First, we have to work with editors who will find the right reviewers for our work. If you are not sure you have the right venue, simply send the editor a note and ask them if they'd be interested in an article on your topic or if they would consider publishing something using the approach you used. If the editor is not familiar with critical race counter-narratives, for example, you might need a longer conversation with the editor or you might need to look for another publication venue. Some editors also appreciate suggestions for reviewers (some find that move presumptuous). Additionally, it is harder to dehumanize you, if you are seen as a human-being. Send the editor a note, if the platform allows. Ask to be in touch with reviewers, if the journal or publisher allows it. Personally, I also like to make sure that I thank some colleagues who read previous drafts of my publications in an Acknowledgements sections. Even if their names are redacted, it shows that you just didn't finish the manuscript and hit the send button.
Second, I try to remember that I asked for peer review. Of course, we want reviewers to love our work. Reviewers, of course, may or may not love our work. There is the distracted reviewer who hasn't read carefully. There is the reviewer who didn't understand the article but agreed to review the article anywayâ€”maybe out a sense of over-confidence or a sense of doing a good deed for the busy editor. There is the reviewer who is curmudgeonly about any perspective that does not reflect their own point of view (and likely cite them) or who is just a sexist, racist jerk. And then there is the ideal reviewerâ€”the reviewer who knows your subject, wants you to succeed, and can craft a review letter that inspires you. Ideal reviewers are to be valued, and a good editor knows how to use their talents. Sometimes we are not in a place to hear what they have to sayâ€”because we have too many deadlines, too many classes to teach, and too many service obligations. Maybe we're just done, done, done with this article and want to move on. As an author, I try to remember that most reviewers want manuscripts to succeedâ€”that is, succeed with revision. Why? Because reviewing is a lot of work, but reviewers also often feel compelled to ask for more. An ideal reviewer understands that power dynamic and wants to push you without taking over your project. So, when I prepare my manuscripts for review, I try to remember the work of the ideal reviewer, the person who spent three or four hours reading and responding to my article. I try to remind myself to trust (although I may disagree with) that ideal reviewerâ€”that reviewer who actually read and wrestled with what I wrote. She wants my work to succeed. After all, I trust the ideal reviewer a lot more than I trust the distracted reviewer who just rubber-stamped my work and set me up for failure later.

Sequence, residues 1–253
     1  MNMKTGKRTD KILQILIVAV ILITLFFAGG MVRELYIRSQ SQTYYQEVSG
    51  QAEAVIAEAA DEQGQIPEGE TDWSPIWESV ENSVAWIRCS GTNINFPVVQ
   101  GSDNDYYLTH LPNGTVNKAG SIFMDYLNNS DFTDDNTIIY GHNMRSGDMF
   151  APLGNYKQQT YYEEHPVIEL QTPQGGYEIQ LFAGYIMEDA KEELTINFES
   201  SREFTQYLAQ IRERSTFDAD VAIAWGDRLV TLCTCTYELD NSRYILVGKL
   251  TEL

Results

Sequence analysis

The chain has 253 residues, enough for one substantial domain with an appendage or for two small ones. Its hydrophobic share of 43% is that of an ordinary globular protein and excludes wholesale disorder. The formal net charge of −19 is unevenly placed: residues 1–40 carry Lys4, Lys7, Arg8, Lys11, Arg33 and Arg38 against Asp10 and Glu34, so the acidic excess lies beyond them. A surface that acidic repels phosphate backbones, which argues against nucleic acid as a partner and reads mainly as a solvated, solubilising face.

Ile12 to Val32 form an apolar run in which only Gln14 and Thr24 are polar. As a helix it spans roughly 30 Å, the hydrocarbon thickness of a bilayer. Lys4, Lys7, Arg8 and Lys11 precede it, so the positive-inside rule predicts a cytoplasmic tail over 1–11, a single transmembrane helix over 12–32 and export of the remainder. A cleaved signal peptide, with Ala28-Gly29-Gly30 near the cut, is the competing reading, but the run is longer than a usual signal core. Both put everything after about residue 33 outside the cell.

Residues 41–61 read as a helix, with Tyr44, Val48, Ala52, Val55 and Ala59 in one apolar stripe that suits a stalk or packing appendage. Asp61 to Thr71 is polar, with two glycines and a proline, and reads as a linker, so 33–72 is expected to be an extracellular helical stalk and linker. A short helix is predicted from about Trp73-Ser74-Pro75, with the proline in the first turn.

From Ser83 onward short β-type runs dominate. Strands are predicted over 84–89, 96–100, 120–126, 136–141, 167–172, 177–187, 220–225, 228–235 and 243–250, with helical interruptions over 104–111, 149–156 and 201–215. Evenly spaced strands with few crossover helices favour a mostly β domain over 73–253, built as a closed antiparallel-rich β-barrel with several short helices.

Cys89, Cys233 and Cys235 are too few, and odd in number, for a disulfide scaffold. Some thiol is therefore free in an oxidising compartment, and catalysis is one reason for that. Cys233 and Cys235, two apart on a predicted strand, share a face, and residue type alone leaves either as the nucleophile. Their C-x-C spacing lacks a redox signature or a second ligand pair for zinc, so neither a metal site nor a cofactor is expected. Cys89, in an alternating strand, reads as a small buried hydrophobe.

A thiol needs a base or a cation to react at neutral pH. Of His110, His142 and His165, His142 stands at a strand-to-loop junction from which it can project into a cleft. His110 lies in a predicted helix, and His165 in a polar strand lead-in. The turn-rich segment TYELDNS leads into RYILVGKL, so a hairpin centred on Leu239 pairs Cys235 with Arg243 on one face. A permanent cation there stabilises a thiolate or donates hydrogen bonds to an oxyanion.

Finally, as I prepare a submission for peer review I try to remember that journal editors spend an enormous amount of time cultivating, agonizing over, and nourishing articles in the pipeline. An article or book requires hours and hours to move from the submission portal to the galleys. If I am going to begin this journey, I should be prepared to finish it.
– Mya Poe, Northeastern University
Author and editor of many books and articles, including Writing Assessment, Social Justice, and the Advancement of Opportunity